My adventures in pregnancy, motherhood and beyond

Please enjoy the musings and updates and leave me a comment if you'd like!

Wednesday, June 15, 2011


Sorry about being gone for so long again. I always want to wait til I have something interesting to report, but then I get busy and come home tired and just want to relax. So I'm finally making myself write this post. A lot has been going on lately: I started a knitting club, I'm learning to sew, I've been upping my jewelry-making and I'm just loving my volunteer work with the animal shelter.

The knitting club is great! We only have a handful of members, but we meet once a week at St. Peter's Church in Del Mar, at 6 pm on Wednesdays. All levels are welcome; I've even taught someone to knit! Yay! It gives me a nice uninterrupted hour in which I work on my knitting, and will force me to finish projects. It also allows me to ask for help for things I don't understand, which means I can move beyond rectangles and squares. How exciting! Once a month we'll watch a movie while we knit. If you're in the area and interested in joining, just shoot me an email or stop by on Wednesdays.

My new dress, which I wore to work yesterday!
Cute shirt, if I say so myself.
Fabric yoyos + buttons = cute & fun
Learning to sew is not easy. First my sewing machine didn't work, so I got it fixed at a local shop. Then it unthreaded itself and I ran out before I could check on how to thread it, so it wouldn't work again. So I brought three projects up to my mom's place for a 36 hour trip and she helped me finish two of them! I made a denim tote (to which I am adding handles soon) and a mail sorter out of placemats from Ikea. It looks pretty neat I must say. And adding in a bar from a hangar was an absolutely inspired idea from my mom. Then we got to work on my sorority tshirt blanket. It's not going to be a quilt, but mom has all the fabric and helped me figure out exactly how it was going to work. We got through the hardest part (so she said) and when I visit again, we'll work on the next part of it. I'm so excited! I've also been making some fabric yoyos (which I've used on a shirt and to make some pins) and I found some great pre-smocked fabric at JoAnn's and made a dress out of it, easy peasy.

Ribbon pearl necklace

Wrap bracelet, pre-lace
Rosette necklace
My jewelry making has also been going well. I received my first order last Sunday, to make a necklace like my pearl and ribbon necklace for a parishioner's daughter-in-law. I also used the glass pearls to make a neat wrap bracelet, and even thought it's not pictured, I used some flexi lace hem tape to wrap around to make it all lace-y. It's a nice dusty purple colour now. And of course, they rosette necklaces are still available. There is an orange, pink and yellow on for sale in the shop, as well as one that is a bit like a bib and would look super cute with the right neckline. I'm making one that's black and white with a red center bead for a friend, and I'm using smaller rick rack, so we'll see how that goes. But making jewelry is definitely something fun for me to do when I get home and on the weekends.

Now for one cooking item: The best enchilada recipe I have been able to find is from Campbell's Kitchen for their verde enchiladas using their cream of chicken soup. I highly recommend this recipe for a quick, easy, scrumptious dinner! Check out the picture and just try to tell me it wouldn't be delicious (yes, I know, you can't, can you?) :) Check out this link for the recipe!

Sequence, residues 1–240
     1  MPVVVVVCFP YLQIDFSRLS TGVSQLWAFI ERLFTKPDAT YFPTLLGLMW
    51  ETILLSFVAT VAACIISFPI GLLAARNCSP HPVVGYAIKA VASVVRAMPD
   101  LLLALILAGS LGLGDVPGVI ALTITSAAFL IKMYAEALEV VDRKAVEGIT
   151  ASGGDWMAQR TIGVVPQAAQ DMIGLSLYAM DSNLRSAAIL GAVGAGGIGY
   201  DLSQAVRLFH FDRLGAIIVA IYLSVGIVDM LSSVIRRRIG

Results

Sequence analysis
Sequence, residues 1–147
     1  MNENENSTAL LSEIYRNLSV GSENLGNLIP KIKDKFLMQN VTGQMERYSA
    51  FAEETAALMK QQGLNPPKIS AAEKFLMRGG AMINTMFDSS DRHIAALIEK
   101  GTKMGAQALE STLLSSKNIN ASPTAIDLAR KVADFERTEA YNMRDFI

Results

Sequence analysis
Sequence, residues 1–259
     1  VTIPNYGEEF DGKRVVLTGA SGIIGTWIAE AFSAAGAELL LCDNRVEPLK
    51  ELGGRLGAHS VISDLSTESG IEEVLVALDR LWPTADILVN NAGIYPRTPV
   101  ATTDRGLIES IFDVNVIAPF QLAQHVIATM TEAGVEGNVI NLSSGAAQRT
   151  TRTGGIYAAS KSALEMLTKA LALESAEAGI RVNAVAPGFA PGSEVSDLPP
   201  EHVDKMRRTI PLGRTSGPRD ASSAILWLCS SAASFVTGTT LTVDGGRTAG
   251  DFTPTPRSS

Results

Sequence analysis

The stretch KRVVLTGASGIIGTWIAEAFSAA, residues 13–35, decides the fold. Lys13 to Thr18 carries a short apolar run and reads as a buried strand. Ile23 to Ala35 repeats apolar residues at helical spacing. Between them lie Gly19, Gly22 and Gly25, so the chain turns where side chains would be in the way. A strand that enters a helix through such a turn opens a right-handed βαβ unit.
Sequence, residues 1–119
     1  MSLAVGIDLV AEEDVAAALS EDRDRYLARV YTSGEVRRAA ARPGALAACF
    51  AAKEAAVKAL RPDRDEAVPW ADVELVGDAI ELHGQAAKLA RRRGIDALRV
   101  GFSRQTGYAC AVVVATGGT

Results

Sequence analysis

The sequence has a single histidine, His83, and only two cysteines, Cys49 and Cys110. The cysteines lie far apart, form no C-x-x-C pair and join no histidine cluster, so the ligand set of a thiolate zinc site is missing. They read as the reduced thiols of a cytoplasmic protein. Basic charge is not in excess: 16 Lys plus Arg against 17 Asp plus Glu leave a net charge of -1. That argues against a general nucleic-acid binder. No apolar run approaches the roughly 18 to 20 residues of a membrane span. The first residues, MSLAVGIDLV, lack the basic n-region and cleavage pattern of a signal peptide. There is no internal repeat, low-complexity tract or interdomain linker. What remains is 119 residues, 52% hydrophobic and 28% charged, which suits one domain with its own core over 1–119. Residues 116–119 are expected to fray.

Happy cooking, crafting and reading! I'll be back soon with some book reviews!

Tuesday, May 3, 2011

I'm alive!

Well, yet again I've been gone for a while. As my New Year's resolution, I vowed to make and keep up this blog, and I guess I'm doing about as well as everyone else on that resolution. There's been a lot going on lately:
-I've gotten REALLY into crafting: jewelry, knitting, sewing (as soon as my machine is fixed), knotting, etc and it's been so much fun! In fact, I'm working on a refurbished pair of cowboy boots and I'm wearing a rosette necklace I made the other night (very chic if I do say so myself).
-I'm employed! (FINALLY!) This does cut into my crafting time and puppy time and baking time, but it is so nice to get out of the house and DO something for the day that I really don't mind. I work Mondays-Thursdays and I carpool with James since we only work a few blocks frome each other. I have a wonderfull ocean view from my desk and get to have lunch with James every day. I'm a front desk/administrative assistant/personal assistant at a property management company, and it's been going great so far. It's part time right now, which means that I still have time to do all that other stuff (like sleeping, napping with puppies, watching horrible SyFy movies and creating things).
-My Etsy store is open! Check me out right here. The store is called The Pup's Meow and will feature a lot of different things, but mostly jewelry and other accessories. There are some things here on the blog that aren't up on the site yet. If you want one, just email me or leave me a comment here and I'll get in touch with you! I've already made my first sale, so let's hope for some good business!!
-I am turning into a little fashion maven. Apparently, all you have to do is add an awesome hat to a nice outfit to be fashionable enough to comment on. I wore a cloche hat and loose dress to the Easter Vigil and was told I looked like a 20's movie star, then wore a hat Eastery Sunday that got a lot of comments as well. This past Sunday I wore a skirt from Ireland and added my rosette necklace (which matched the roses and the colours on the skirt) and was told how nice it looked when I walked up to communion. From sweatpants to fashionista, who knew? (I still prefer my sweats though)